Newly Hatched Blue Tang Diet Preferences
01 Aug, 2016
via the Rising Tide Conservation Blog
by Dr. Cortney Ohs
At the University of Florida Indian River Research and Education Center in Fort Pierce, FL we have been examining food preference for blue tang larvae. We fed them copepods Parvocalanus crassirostris, rotifers Brachionus rotundiformis and ciliates Euplotes sp. But how do we know which they eat? We have begun using fluorescent microspheres (Fig. 1) to label each different food item – red for copepods, blue for rotifers, and green for the ciliates. After feeding, the larvae are placed under a special scope and based on the colors in their gut we can tell what they ate.
The ciliate Euplotes spp. can be grown at very high densities (up to 12,000 / mL), can be enriched, do not have any protective layer, and have a very small effective size (can fit through a 23 micron sieve). Initial results are promising as ciliates have been confirmed to be ingested by Pacific blue tang (Paracanthurus hepatus), reef butterflyfish (Chaetodon sedentarius) and mono ([Monodactylus] sebae) larvae within a few hours of introduction.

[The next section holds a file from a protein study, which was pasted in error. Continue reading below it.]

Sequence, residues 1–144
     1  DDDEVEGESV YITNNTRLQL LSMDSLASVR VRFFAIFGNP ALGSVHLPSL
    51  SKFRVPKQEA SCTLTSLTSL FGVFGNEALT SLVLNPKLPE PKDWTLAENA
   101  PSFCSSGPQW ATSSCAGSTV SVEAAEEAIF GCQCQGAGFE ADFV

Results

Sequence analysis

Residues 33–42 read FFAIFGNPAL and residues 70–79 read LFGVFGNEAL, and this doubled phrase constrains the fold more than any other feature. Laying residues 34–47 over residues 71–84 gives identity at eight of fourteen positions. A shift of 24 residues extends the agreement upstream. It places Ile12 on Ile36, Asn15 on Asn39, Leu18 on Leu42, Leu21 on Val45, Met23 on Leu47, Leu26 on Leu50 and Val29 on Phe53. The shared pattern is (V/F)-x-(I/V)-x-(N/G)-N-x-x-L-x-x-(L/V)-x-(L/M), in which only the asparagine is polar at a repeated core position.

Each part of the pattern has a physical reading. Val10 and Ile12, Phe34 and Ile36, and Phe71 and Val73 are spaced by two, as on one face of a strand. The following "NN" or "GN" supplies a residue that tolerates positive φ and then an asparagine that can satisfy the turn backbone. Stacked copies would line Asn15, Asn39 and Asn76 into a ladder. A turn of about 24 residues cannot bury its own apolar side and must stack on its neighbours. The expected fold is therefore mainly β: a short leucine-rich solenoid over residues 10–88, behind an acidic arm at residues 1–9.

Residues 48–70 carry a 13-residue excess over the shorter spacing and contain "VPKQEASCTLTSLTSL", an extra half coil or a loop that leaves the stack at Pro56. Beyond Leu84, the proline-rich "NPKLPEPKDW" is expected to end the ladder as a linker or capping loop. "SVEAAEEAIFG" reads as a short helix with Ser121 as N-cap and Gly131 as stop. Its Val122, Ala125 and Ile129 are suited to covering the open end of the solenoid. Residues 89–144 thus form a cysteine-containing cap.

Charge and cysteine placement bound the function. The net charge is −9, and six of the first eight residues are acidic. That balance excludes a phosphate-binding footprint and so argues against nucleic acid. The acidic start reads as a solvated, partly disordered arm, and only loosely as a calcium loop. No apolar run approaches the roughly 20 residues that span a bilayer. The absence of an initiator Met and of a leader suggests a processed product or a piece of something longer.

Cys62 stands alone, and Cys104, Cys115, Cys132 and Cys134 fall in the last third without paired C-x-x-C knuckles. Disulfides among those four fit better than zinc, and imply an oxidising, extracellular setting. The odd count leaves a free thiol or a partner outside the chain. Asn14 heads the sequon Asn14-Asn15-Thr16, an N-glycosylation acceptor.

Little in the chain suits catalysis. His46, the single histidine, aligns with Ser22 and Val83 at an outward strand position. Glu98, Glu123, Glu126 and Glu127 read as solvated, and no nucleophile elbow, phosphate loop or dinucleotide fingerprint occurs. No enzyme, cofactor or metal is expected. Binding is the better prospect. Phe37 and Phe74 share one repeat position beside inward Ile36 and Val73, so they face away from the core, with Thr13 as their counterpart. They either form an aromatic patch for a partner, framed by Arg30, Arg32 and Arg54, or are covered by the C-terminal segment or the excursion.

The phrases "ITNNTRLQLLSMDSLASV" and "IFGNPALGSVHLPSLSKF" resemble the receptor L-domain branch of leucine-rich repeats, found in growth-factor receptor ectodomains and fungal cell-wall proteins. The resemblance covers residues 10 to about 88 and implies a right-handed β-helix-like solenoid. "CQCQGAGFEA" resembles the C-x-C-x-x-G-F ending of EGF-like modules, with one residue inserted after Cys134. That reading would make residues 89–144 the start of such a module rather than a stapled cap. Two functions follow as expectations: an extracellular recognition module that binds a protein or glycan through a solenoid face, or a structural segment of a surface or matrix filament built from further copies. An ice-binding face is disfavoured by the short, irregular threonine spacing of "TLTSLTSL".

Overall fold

Larval Pacific blue tang (Paracanthurus hepatus) preference trials were performed using the following treatments:
- nauplii and ciliates
- rotifers and ciliates
- rotifers and nauplii
- all three food types.
Trials were performed on 3 day post hatch larvae which is their first feeding. Blue tang larvae seem to have a strong preference for rotifers under the experimental conditions while ciliates and nauplii were shown to be eaten at a lower level. It is interesting to note that regardless of the concentration of total food prey items which was higher in the last treatment with all three food types, ingestion rates were not significantly different. However, it is important to take into consideration that ciliates may be digested anywhere from 2-5 times faster than a rotifer and nauplii. This is further complicated due to the unknown residence time of microspheres inside the larval gut. More research is needed but microspheres are clearly a useful tool to define what a larval fish is eating and to identify shifts in live food preferences at different stages of development.